Commercial Bank Risk Management: An Analysis of the Process
Posted: 1 Jul 1998
Date Written: April 1995
The past decade has seen dramatic losses in the banking industry. Firms that had been performing well suddenly announce large losses due to credit exposures that turn sour, interest rate positions taken, or derivative exposures that may or may not have been assumed to hedge balance sheet risk. In response to this, commercial banks almost universally have embarked upon an upgrading of their financial risk management and control systems. Coincidental to this activity, and, in part, because of our recognition of the industry's vulnerability to financial risk, we have been involved in an analysis of financial risk management processes in the financial sector. The purpose of this paper is to outline the results of this investigation. It reports the state of risk management techniques in the industry -- questions asked, questions answered and questions left unaddressed by respondents. This report can not recite a litany of the approaches used within the industry, nor can it offer an evaluation of each and every approach. Rather, it reports the standard of practice and evaluates how and why it is conducted in the particular way chosen. But, even the best practice employed within the industry is not good enough in some areas. Accordingly, critiques will also be offered where appropriate. The paper concludes with a list of questions that are currently unanswered, or answered rather imprecisely in the current practice employed by this group of relatively sophisticated banks. Here, we discuss the problems which the industry finds most difficult to address, shortcomings of the current methodology used to analyze risk, and the elements that are missing in the current procedures of risk control.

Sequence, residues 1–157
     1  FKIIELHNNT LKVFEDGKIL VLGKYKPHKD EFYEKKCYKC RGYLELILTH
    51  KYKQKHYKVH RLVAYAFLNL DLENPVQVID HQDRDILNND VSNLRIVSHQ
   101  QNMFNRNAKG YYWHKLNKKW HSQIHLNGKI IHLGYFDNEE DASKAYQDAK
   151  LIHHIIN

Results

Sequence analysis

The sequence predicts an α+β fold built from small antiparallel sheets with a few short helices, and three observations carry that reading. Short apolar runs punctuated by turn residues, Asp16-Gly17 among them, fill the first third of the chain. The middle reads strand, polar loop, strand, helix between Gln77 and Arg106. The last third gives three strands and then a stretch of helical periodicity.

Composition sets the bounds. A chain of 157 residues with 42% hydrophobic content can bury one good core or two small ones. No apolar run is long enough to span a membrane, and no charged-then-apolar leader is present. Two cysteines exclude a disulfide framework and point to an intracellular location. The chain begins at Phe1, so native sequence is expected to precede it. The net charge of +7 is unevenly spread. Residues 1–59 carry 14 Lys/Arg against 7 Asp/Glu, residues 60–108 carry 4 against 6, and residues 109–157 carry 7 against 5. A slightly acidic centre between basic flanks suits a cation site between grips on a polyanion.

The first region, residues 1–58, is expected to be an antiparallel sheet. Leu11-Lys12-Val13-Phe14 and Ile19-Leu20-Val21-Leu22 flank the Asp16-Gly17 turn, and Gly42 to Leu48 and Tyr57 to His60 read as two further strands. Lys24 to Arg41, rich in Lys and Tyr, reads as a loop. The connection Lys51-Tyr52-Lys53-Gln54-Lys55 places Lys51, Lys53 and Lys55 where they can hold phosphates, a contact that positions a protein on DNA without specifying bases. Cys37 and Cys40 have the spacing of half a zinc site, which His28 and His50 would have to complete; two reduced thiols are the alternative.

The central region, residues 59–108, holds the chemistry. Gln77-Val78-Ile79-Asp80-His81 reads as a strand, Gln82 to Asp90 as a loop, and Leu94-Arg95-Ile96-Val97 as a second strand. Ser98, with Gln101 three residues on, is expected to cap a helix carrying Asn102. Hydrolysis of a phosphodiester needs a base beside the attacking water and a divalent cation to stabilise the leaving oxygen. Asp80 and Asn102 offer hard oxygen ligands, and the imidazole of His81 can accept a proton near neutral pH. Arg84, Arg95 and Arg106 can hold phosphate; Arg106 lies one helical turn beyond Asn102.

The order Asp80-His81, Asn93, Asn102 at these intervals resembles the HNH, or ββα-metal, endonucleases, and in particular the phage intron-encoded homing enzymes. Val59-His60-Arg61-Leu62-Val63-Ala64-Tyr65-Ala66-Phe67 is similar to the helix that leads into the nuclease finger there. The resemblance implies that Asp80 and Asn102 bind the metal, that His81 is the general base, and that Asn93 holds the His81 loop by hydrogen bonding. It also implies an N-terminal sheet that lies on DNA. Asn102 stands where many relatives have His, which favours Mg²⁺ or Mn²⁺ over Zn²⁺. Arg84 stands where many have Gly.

JEL Classification: G21, G30
Suggested Citation: Suggested Citation